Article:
December 18, 2019 Dave Davis


This is the second in a series of discussions on Backups, Disaster Recovery and Security. 

This time we will focus on RDA Data Backups.  As we learned last time, when one “backs up”(v) their data it creates a “backup”(n) of their data.  

From wikipedia – In information technology, a backup, or data backup is a copy of computer data taken and stored elsewhere so that it may be used to restore the original after a data loss event. 

The RDA data backup process creates a copy of the current RDA data on your cloud server.  Each night, RDA’s process automagically gathers all (thousands) of data files on your server and compresses them into a single file, a data backup file. After the data backup file is created, it is moved across the internet to a data server located in a secure data center on the US west coast. Confirmation is provided upon successful completion of the process.

A multi-day backup rotation scheme is used.  Multiple backups are always stored at the secure data center. Each backup that is loaded nightly on the remote data server, replaces the oldest backup on that server. In addition, a backup for each month is retained.  

The purpose of an RDA backup is to mitigate the risk of a data loss event.  A backup can be used to recover data after its loss from data deletion or corruption, or to recover data from an earlier time. Some consider the backup a very simple form of disaster and security breach recovery.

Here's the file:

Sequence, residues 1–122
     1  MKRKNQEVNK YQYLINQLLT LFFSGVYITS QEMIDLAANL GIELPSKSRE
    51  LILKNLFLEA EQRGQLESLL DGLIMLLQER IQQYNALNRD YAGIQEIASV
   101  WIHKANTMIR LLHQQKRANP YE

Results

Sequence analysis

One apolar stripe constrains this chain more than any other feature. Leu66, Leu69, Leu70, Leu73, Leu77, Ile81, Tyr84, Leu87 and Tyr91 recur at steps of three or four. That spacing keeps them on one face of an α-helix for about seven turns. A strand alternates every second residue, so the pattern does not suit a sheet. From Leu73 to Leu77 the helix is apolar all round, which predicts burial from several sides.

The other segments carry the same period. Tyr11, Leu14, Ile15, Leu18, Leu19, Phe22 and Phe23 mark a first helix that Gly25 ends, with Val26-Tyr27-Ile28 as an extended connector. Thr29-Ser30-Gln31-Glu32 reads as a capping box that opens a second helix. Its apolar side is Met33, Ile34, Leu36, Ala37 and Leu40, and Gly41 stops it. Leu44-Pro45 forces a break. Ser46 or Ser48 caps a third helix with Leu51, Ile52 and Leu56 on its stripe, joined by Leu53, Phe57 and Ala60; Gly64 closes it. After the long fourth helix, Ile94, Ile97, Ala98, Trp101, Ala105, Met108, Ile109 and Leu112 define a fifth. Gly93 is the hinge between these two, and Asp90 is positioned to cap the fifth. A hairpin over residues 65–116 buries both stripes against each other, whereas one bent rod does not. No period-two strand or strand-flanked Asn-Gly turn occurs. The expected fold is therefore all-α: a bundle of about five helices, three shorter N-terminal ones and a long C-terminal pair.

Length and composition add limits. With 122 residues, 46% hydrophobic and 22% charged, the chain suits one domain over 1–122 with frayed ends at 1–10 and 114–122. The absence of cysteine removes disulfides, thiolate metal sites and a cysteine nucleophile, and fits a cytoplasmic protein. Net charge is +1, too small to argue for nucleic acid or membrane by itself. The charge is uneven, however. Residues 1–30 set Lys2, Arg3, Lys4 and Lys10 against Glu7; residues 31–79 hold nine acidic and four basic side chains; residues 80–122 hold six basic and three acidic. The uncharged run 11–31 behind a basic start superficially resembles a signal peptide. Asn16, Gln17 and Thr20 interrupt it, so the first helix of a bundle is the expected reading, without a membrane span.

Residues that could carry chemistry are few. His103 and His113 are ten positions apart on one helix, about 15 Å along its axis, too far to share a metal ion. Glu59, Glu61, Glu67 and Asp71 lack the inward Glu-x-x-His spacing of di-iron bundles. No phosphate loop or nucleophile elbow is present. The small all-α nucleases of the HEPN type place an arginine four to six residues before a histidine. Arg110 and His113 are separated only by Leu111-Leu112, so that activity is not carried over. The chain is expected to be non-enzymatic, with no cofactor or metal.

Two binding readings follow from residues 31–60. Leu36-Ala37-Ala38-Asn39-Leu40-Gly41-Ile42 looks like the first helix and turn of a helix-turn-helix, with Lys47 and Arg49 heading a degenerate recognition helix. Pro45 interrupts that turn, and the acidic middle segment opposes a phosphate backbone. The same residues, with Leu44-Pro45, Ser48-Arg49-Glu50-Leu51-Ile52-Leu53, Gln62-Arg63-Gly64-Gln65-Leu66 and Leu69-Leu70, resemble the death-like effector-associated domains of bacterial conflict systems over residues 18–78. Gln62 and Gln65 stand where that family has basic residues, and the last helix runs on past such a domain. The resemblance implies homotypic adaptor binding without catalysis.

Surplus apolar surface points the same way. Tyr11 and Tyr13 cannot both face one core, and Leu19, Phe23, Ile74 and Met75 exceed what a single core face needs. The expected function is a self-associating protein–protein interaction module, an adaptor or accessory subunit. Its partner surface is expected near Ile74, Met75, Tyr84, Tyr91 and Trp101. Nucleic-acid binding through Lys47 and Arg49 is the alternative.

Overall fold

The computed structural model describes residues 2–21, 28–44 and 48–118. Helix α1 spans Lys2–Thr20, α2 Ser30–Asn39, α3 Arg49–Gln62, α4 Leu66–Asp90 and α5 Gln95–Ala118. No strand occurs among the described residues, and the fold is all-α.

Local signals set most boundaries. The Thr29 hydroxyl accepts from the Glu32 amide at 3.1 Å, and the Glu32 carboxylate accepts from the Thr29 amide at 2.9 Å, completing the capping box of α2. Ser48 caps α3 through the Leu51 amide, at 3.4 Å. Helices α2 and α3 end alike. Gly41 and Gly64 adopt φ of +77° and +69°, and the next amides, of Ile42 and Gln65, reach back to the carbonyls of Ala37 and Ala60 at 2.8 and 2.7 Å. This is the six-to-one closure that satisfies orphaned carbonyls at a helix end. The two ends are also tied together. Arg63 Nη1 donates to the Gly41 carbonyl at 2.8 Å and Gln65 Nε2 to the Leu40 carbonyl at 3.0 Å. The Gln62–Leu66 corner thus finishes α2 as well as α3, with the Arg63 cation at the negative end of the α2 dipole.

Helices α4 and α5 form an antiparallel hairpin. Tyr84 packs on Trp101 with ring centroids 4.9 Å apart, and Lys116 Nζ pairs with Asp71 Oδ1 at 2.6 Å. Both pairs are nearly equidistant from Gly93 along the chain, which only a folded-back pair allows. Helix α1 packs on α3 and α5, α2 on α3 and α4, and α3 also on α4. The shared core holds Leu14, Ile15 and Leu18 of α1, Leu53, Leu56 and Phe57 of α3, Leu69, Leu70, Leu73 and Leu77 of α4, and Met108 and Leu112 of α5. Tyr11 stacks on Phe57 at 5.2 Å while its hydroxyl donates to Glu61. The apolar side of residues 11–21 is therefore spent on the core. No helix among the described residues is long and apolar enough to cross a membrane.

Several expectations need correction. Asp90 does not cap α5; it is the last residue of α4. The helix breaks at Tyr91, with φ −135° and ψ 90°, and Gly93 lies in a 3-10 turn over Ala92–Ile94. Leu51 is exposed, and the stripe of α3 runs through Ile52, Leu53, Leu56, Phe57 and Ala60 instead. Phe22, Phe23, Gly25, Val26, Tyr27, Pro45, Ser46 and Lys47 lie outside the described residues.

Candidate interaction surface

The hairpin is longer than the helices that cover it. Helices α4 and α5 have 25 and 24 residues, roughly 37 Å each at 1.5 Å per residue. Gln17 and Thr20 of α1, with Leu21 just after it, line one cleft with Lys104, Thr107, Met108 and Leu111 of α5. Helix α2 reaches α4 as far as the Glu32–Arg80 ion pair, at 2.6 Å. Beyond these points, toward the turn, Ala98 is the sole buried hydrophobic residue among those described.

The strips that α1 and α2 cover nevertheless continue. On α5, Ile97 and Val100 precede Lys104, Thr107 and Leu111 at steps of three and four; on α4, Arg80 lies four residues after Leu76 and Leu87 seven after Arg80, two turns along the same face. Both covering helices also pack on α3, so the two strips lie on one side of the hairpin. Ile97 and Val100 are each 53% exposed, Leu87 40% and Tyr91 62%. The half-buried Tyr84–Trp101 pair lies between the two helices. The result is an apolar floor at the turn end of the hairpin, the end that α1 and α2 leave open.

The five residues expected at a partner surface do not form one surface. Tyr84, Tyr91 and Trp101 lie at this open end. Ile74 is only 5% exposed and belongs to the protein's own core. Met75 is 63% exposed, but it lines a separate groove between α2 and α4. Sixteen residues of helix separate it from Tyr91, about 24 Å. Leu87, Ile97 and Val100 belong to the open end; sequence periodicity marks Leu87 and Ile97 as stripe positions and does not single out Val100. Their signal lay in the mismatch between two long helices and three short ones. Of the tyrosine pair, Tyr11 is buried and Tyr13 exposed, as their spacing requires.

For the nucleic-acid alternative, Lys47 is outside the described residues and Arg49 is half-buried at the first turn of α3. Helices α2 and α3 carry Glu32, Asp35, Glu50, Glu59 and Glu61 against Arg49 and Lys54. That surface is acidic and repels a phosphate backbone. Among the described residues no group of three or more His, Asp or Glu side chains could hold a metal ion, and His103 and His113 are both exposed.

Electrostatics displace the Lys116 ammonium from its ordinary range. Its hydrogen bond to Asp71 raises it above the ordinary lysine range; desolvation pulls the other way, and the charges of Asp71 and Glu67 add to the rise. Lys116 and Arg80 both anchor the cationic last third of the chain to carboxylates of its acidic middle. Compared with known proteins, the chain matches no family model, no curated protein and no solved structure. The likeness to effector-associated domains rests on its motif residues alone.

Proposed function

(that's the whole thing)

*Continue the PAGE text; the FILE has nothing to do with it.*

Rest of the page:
What is not included in the RDA data backup is your cloud server and its operating system files and configurations. Without a server and system files and configurations, RDA software can not function. In addition,  a RDA data backup file restore time is not guaranteed. These are important points as you consider disaster and security breach risks. More on this in a future installment.

In short, for the majority of our clients, RDA backs up your data every night and stores the data backup file in a secure data center on the west coast. When needed, a data backup file can be manually restored to your existing cloud server. 

If you would like more information on your existing RDA Data Back Up Plan, please contact Mimi English (mvenglish@rdasys.com).

Our next installment in this discussion will be an overview of Disaster Recovery and RDA. 




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